Recently, I was listening to Krista Tippett's podcast, "On Being," when she interviewed Phyllis Tickle. Phyllis, founding editor of Religion Department at Publisher's Weekly, is an important voice in the American religious landscape. Her book, The Great Emergence, is one of the best books I've read in the past few years.
On the program, she made a statement that has captured my imagination over the past few days:
"It's very dangerous for one's soul to be a part of a religion that's socially acceptable." -Phyllis Tickle
Which got me to thinking, "What is our end, our goal, when it comes to Christianity's impact on culture?"
It's something we ought to be crystal clear on.
What are we trying to do as Christians?
What is our goal?
And what is our means to that goal?
Do you have it in mind?
Now, a cautionary tale.
For its first 3 centuries of existence, the early church was not considered socially acceptable. Christians were the targets of persecution. Many were martyred for their faith.
But early in the 4th century, all of that changed. The church became socially acceptable.
The change was slow, but sweeping. Christians went from persecuted minority to the official religion of the Roman Empire within a period of 70 years.
Now, if you are a Christian during this period, this has to be the greatest development you could imagine. Who would have thought that a religion that began with several hundred witnesses would become the official religion of the Roman Empire? Who would have thought that the empire that killed the Apostle Paul would one day build cathedrals to house worship to Paul's God.
Can you imagine being a parent or grandparent who lived under persecution? All of those prayers you prayed to God have been answered. Your children and grandchildren won't have to live out their faith under the threat of persecution or death. God had finally come through.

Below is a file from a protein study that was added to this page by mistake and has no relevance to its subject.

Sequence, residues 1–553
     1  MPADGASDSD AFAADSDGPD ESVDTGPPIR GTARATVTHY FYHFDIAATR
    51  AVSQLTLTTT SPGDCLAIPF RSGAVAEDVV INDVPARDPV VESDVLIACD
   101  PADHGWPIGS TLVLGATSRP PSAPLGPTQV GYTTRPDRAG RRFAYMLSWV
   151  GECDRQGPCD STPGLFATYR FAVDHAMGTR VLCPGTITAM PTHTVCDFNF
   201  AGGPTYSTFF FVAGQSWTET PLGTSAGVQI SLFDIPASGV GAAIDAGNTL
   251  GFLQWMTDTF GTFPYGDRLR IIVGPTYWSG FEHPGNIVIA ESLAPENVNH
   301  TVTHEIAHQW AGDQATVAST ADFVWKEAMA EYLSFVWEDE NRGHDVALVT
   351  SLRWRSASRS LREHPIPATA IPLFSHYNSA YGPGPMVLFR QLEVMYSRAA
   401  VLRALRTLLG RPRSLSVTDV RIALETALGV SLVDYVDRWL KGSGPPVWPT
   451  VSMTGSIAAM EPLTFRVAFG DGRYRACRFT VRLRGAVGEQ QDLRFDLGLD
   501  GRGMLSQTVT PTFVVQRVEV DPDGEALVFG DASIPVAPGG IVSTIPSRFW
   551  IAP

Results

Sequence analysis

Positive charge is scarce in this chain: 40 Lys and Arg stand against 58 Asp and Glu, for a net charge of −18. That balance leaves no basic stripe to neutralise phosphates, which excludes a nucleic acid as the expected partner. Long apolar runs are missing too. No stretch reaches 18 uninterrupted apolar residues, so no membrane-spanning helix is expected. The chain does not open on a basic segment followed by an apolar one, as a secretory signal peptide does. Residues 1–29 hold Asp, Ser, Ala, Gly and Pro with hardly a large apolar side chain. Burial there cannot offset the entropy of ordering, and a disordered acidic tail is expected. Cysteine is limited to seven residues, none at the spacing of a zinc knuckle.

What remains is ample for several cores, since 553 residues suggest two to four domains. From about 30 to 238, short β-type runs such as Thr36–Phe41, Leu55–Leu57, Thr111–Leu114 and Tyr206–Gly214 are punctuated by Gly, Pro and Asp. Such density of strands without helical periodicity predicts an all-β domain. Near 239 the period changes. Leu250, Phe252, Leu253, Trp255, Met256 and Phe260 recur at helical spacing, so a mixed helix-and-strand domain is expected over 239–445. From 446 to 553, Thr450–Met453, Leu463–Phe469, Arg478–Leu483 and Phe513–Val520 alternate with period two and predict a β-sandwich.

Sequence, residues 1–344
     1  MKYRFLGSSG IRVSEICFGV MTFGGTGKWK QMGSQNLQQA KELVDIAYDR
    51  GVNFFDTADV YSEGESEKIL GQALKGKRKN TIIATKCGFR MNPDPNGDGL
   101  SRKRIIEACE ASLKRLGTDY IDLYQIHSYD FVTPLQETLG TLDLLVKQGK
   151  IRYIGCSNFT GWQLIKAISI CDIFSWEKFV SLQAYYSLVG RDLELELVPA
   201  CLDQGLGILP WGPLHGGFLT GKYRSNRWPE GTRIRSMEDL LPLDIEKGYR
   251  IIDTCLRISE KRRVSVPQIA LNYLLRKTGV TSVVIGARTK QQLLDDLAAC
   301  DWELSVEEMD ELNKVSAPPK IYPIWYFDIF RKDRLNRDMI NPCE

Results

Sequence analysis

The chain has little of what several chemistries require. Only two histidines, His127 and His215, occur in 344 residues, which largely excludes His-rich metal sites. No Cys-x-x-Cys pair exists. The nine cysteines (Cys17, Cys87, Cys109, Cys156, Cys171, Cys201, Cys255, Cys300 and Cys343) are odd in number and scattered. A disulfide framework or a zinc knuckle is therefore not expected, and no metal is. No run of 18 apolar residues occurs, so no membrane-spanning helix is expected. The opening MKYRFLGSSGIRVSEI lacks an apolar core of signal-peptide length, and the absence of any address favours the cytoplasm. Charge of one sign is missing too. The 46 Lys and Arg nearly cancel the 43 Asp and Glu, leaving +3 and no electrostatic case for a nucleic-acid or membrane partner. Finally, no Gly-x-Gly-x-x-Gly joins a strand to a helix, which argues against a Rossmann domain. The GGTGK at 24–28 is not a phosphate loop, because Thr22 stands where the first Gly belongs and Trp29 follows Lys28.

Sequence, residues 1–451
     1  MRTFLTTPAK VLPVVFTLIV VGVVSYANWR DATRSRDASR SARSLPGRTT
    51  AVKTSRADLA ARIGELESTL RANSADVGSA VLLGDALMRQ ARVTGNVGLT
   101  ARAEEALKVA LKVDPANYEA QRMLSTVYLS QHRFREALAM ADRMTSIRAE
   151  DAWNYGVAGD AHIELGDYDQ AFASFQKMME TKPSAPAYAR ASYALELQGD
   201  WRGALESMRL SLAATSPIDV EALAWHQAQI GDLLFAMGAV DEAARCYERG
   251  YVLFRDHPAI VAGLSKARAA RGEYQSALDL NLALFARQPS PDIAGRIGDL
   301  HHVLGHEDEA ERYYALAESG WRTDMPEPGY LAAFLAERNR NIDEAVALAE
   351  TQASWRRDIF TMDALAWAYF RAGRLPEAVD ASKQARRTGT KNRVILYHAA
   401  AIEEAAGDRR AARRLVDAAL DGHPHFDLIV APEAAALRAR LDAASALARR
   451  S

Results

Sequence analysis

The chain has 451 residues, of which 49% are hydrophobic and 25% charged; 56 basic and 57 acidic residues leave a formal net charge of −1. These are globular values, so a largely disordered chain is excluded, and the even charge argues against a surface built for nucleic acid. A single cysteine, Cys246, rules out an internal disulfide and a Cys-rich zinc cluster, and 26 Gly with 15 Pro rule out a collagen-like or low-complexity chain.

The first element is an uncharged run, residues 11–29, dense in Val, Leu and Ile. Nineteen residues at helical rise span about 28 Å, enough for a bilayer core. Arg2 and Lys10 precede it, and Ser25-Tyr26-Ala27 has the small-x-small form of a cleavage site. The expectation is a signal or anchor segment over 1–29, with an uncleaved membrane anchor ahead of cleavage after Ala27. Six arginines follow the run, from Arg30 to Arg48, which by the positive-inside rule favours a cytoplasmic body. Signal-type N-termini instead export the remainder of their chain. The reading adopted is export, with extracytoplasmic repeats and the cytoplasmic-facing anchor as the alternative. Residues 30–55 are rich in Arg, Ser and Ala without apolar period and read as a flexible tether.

Which is a change of sorts for this God.
After all, this God never seemed all that good at making his people socially acceptable. The people of God have always been on the underside of empires more powerful than they. They lived under several empires: Egypt, Assyria, Babylon, and Rome.
And while being socially acceptable must have seemed like a positive development to Christians during that time period, it wasn't all positive.
Because when everyone's a Christian, very few are truly Christians. It's one thing to claim Christianity when it might cost you your life, but it's another thing to claim the name of Christ when the emperor worships your God.
And eventually, the church that had once been persecuted by the sword, took up the sword to persecute others. Moving from persecuted to persecutor, the church had become the church militant and triumphant. The Kingdom of God that had been known through a king who rules with a towel, a donkey, and a cross became the Empire of Christendom. In the name of the one who taught us to love our enemies, the church burned its enemies alive. And we still live with the reputation of the Inquisition and the Crusades.
And that story of Christendom brings me back to Phyllis Tickle's words once more: "It's very dangerous for one's soul to be a part of a religion that's socially acceptable."
What do we want?
Are we mourning the fact that our socially acceptable religion seems to be slipping through our fingers? Are we trying to recover a pristine American era when things were "better."
I'm a part of the Restoration Movement. My family has been a part of this movement for many generations. We've sought to restore the church back to the way it was in the first century.
It's a noble project.
But while we've tried to restore many things from the first-century church, I've never heard anyone interested in recovering the social context of the first-century church.
We like our socially acceptable religion in America. Many of us pray that our kids and grandkids will be able to live out their faith without the threat of persecution or death.
But which is more dangerous for one's soul?
Following Jesus in a culture where Christianity is not socially acceptable?
Following Jesus in a culture where Christianity is socially acceptable?
And the answer to that question might very well define our goal for how following Jesus might just transform our culture in new, imaginative ways.
So, tell me. What's your your vision for how Christianity should impact our culture in the 21st century?